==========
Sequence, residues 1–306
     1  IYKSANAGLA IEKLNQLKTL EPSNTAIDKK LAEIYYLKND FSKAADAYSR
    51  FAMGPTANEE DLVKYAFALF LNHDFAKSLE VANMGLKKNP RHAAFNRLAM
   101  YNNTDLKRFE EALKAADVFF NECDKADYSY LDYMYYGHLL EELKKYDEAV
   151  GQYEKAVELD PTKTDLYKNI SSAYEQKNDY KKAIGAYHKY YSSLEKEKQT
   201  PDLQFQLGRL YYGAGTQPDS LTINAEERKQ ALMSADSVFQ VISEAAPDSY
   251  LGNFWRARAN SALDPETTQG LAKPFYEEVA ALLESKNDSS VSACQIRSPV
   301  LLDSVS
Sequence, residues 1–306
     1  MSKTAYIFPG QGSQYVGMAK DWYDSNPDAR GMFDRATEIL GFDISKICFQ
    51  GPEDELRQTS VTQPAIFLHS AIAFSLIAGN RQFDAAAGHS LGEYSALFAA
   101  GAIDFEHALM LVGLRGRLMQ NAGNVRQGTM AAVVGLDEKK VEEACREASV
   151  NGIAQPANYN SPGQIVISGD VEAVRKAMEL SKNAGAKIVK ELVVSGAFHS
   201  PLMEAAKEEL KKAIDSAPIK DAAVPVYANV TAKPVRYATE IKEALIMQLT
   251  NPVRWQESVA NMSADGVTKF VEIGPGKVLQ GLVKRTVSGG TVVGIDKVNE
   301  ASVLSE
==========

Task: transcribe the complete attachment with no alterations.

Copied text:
Sequence, residues 1–306
     1  IYKSANAGLA IEKLNQLKTL EPSNTAIDKK LAEIYYLKND FSKAADAYSR
    51  FAMGPTANEE DLVKYAFALF LNHDFAKSLE VANMGLKKNP RHAAFNRLAM
   101  YNNTDLKRFE EALKAADVFF NECDKADYSY LDYMYYGHLL EELKKYDEAV
   151  GQYEKAVELD PTKTDLYKNI SSAYEQKNDY KKAIGAYHKY YSSLEKEKQT
   201  PDLQFQLGRL YYGAGTQPDS LTINAEERKQ ALMSADSVFQ VISEAAPDSY
   251  LGNFWRARAN SALDPETTQG LAKPFYEEVA ALLESKNDSS VSACQIRSPV
   301  LLDSVS
Sequence, residues 1–306
     1  MSKTAYIFPG QGSQYVGMAK DWYDSNPDAR GMFDRATEIL GFDISKICFQ
    51  GPEDELRQTS VTQPAIFLHS AIAFSLIAGN RQFDAAAGHS LGEYSALFAA
   101  GAIDFEHALM LVGLRGRLMQ NAGNVRQGTM AAVVGLDEKK VEEACREASV
   151  NGIAQPANYN SPGQIVISGD VEAVRKAMEL SKNAGAKIVK ELVVSGAFHS
   201  PLMEAAKEEL KKAIDSAPIK DAAVPVYANV TAKPVRYATE IKEALIMQLT
   251  NPVRWQESVA NMSADGVTKF VEIGPGKVLQ GLVKRTVSGG TVVGIDKVNE
   301  ASVLSE